“The biggest thing from now to then, is that we’re comfortable now in our own skin,” she said. “It’s our own music. If I listen to our first CD now, there’s such a huge difference. We always concentrated on what other people wanted- and that’s really important, but progressing from album to album, we started following our own heart when it came to song choices. We got back to finding that connection, and found out that it endeared us to our fans more. It’s finding our own way and trusting ourselves and letting that be enough.”
With growing popularity comes increased opportunities, and Nu-Blu is taking advantage of them.
The band took over as the permanent host of the nationally syndicated TV series, “Bluegrass Ridge.”
They are set to to cross the pond for the first time as a band to perform in Ireland, and will also play on three different bluegrass cruises throughout the year.
“Though the travel can wear on you, performing is the juice you need to keep going,” Routh said.
Her message to those who haven’t seen Nu-Blu live and in color?
“I promise if you come we will make you laugh, cry and leave you wanting more. We love to meet new people and hear new stories.”
Cape Coral Historical Museum’s President, Wendy Schroder, is delighted and enthused to have Nu-Blu come to the Bluegrass Jamboree.
“We are thrilled to have a nationally recognized band for the first time this year and our ticket sales indicate that the community is excited to see them as well,” she said.
The jamboree takes place on Saturday from 11 a.m. to 5 p.m. on the museum grounds, with plenty to do from live music, to great food, drinks and atmosphere.
“The event, Held in an open air setting on the beautiful property of the Cape Coral Historical Museum, allows not only for the enjoyment of bluegrass music, but food and drinks are available for purchase by Currie’s Smokin’ Hot BBQ, Frozen Chosen ice cream and Trafalgar Middle School. Guests will also have the opportunity to win prizes with both a 50/50 raffle and museum basket filled with history to be raffled off.”
General admission tickets are $20 at the gate, with all VIP tickets having been sold out.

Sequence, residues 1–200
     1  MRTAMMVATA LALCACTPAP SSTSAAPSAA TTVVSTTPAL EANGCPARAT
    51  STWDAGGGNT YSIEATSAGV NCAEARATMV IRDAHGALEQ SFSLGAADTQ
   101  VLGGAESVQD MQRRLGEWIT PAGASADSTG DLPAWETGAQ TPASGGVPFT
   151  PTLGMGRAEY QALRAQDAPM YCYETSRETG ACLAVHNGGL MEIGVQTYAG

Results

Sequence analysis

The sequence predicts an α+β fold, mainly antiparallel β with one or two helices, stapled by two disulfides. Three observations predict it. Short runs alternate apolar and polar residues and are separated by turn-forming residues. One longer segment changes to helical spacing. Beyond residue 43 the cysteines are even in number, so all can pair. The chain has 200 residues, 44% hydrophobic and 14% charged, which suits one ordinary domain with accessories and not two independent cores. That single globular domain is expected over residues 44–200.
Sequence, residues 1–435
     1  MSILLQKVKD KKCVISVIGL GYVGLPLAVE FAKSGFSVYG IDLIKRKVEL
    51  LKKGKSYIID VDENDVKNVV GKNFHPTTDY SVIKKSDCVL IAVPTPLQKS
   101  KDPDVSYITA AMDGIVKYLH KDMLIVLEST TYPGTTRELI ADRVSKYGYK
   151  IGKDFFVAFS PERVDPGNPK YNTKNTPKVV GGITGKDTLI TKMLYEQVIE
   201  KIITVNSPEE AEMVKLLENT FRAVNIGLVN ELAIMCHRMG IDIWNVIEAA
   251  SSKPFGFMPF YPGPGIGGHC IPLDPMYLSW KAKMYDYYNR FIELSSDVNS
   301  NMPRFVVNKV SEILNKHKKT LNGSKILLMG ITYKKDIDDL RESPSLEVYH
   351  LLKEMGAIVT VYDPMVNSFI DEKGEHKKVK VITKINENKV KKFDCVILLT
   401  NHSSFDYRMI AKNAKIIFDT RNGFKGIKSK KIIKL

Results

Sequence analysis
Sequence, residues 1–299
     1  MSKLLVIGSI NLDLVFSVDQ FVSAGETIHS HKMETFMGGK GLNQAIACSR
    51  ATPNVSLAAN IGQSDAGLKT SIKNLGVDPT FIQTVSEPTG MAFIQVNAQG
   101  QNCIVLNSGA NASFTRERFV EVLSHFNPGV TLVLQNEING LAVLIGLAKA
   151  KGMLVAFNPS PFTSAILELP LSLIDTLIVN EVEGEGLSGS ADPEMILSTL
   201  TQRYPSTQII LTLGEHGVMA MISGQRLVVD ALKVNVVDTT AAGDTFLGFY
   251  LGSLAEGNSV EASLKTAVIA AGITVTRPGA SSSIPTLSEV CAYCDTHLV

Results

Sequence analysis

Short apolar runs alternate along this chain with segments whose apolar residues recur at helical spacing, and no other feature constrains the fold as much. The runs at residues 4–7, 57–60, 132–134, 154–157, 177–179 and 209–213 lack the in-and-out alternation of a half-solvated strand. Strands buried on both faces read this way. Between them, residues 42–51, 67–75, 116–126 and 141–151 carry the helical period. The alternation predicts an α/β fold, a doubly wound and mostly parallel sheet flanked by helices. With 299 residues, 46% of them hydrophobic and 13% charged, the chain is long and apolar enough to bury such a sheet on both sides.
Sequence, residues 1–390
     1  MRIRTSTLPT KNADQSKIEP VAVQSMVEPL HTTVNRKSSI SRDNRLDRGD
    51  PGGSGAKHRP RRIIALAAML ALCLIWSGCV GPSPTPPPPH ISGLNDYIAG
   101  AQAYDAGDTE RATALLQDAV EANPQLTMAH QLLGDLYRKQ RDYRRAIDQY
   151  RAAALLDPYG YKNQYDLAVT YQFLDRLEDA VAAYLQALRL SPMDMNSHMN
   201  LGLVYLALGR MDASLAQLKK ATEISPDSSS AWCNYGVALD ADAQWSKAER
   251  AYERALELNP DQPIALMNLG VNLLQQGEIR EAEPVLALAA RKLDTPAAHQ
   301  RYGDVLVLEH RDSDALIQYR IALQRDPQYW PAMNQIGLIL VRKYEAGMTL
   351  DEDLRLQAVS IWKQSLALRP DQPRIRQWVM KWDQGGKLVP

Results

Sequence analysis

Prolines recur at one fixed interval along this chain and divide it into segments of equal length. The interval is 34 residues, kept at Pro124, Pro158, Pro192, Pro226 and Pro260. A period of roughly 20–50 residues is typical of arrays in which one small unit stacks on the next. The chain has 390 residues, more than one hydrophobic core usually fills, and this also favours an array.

The proceeds of the event benefit the museum directly, along with a charitable donation.
“The proceeds benefit the Cape Coral Historical Society and Museum, allowing the organization to fulfill its mission to preserve the history of Cape Coral as well as provide educational programming and experiences throughout the year. Parking is provided by Boy Scout Troop #8463 for a $3 suggested donation,” said museum Executive Director, Janel Trull.
“We are looking forward to seeing the community gathered in the park behind the museum, coming together for a great cause while listening to fantastic American roots music,” added Schroder.
The museum is grateful to all who volunteered their time to make the event possible, as well as sponsors.
“A large outdoor event like the Cape Coral Historical Museum Bluegrass Jamboree takes a lot of planning and coordination, numerous volunteers and the support of the community through ticket sales and sponsorships. We are blessed this year to have not only 21 sponsors including the city of Cape Coral, Cape Coral Breeze, Suncoast Beverage, LCEC and Waste Pro, but our bands have been sponsored this year by the Gunterberg Charitable Foundation and Culliton Family as well,” said Schroder.
Other live music includes a “Tribute to Patsy Cline” by Linda Fazioli(12:15-1p.m.), Swinging Bridge(1:10-2:20 p.m.) and Blu-Ridg (11-12 p.m.).
Nu-Blu will perform from 2:40 to 5 p.m.
The event will once again be emceed by 88.5 HD-2 WAMU bluegrass radio host Dick Spottswood.
The Cape Coral Historical Museum is at 544 Cultural Park Boulevard.
For tickets and more information on the museum, visit www.capecoralhistoricalmuseum.org.